________________________________________

The very notion of a “right” is that it places limits on the arbitrary power of the majority.  Equal rights shouldn’t be based on a vote. (via William Stacy Johnson)

The church historically has lagged behind government when it comes to issues of civil liberties.

The church should be on the front lines of the fight for the civil liberties of the oppressed.
The lyrics of the U2 song “Sunday Bloody Sunday” ask, “How long must we sing this song?” How long are we going to cling to outdated notions of homosexuality and refuse to accept LGBTQ people into our midst?

_____________________________

Jay Bakker

Jay’s new book is, so far, fantastic! I’m just in 7 of 12 chapters (14, if you count the introduction and conclusion).
The above post is mostly about marriage equality, but that’s just this chapter. A lot of other issues are covered in these pages. This is my latest “Must Read” that I will be highly recommending to any and every reader, especially those who acknowledge faith in Christ.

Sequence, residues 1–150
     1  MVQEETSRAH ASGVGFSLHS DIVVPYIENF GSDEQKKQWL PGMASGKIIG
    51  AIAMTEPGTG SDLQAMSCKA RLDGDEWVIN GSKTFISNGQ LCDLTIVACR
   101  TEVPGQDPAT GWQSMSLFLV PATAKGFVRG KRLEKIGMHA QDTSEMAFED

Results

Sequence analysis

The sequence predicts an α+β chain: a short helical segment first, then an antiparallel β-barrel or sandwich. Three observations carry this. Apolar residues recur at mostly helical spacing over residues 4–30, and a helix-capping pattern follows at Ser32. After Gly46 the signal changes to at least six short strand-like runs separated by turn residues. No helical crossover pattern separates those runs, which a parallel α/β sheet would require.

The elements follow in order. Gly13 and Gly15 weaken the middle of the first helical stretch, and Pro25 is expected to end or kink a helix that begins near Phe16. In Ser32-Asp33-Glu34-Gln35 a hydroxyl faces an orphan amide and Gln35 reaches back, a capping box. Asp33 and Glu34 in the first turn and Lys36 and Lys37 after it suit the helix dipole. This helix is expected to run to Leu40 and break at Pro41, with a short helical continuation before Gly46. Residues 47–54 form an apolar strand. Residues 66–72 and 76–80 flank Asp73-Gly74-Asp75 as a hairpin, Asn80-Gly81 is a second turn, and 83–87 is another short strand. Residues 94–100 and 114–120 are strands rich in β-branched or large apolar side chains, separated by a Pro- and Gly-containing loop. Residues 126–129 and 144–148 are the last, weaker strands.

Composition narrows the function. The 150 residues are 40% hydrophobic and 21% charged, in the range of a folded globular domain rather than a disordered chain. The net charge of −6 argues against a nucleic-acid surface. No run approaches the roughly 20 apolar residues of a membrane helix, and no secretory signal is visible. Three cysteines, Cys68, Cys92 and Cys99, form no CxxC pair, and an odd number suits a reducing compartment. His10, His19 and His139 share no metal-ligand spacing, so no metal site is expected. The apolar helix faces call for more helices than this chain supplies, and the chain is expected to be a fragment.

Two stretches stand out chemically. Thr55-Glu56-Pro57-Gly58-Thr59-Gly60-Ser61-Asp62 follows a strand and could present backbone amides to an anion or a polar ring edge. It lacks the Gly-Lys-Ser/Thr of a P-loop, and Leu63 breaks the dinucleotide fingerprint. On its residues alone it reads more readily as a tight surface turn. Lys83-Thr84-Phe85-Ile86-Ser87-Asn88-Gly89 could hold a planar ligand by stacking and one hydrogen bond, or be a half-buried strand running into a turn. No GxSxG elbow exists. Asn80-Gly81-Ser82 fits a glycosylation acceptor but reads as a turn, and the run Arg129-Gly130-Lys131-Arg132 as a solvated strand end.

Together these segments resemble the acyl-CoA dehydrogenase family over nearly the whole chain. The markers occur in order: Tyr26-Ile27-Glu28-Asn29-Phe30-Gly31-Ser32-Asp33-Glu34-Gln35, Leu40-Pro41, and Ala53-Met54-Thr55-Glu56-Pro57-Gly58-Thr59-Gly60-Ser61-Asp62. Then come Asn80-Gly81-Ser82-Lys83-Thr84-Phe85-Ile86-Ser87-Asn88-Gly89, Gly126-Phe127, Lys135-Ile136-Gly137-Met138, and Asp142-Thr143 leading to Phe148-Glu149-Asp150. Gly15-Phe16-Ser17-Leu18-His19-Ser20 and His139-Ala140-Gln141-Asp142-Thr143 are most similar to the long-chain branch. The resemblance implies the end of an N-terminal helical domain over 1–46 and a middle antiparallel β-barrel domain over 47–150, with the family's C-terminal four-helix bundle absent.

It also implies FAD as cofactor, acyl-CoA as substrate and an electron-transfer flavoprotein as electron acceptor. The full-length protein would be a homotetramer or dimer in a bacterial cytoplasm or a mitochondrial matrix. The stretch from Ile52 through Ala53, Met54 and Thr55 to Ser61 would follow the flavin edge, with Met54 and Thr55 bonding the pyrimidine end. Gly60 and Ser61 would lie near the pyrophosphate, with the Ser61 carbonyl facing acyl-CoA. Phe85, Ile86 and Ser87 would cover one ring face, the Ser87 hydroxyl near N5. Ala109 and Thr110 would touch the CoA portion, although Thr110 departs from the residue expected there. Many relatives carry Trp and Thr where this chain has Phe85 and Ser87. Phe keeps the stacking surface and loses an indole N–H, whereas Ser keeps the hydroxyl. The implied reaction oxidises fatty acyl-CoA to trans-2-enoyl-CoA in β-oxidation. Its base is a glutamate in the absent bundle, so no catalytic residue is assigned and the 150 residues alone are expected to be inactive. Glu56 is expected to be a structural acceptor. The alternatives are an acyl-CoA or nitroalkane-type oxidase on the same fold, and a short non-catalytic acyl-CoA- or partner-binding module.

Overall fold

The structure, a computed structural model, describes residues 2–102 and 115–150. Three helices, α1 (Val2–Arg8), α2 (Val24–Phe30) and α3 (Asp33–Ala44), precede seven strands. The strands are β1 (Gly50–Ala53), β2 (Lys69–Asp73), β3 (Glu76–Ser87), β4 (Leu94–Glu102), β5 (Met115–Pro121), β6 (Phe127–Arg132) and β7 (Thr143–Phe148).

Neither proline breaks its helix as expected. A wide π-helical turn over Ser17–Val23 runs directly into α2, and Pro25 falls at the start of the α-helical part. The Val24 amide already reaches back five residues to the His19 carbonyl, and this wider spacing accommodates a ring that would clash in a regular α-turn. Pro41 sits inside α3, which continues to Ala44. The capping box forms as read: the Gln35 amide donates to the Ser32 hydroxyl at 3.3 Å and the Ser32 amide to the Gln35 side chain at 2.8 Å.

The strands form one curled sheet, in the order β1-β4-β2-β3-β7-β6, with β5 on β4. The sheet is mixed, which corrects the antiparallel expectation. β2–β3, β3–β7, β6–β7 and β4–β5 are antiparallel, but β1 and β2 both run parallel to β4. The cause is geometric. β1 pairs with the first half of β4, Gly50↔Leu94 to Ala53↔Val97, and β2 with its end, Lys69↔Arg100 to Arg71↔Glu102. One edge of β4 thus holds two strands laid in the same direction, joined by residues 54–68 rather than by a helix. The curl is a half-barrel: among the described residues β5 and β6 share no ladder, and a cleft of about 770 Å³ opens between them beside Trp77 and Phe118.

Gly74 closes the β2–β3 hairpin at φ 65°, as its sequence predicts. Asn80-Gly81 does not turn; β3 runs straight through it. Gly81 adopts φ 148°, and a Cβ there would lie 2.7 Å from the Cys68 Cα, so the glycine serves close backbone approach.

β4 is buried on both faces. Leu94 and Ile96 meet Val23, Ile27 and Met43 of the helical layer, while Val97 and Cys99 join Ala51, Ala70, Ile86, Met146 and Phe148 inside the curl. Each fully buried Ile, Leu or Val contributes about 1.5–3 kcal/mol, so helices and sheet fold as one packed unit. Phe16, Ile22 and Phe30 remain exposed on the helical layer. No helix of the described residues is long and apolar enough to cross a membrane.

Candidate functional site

[Of course, the "church" has often been the entity which has perpetrated the most vile and unholy sin, all in the name of God, and all while deceiving itself into believing it was the force attempting to eliminate sin.
To be fair, it has also been those of the Church (albeit the non-"fundamentalist" portion) who have fought for, and died for, the dignity, rights, and humanity of the oppressed. Who have, in fact, fought the sin of religious control and intolerance. - df]

For a different topic from the book, see: https://www.dropbox.com/s/vvcr11lancq3see/Paul.docx

Buy the book. Click HERE.

 

The Sacredness Of Questioning Everything May 30, 2013

sacred cover

The Sacredness of Questioning Everything
– David Dark


         “This book is for everyone who quietly suspects that God is
         a whole lot bigger than the church would have us believe.”
         – Jana Riess


This is a powerful read.  Just powerful.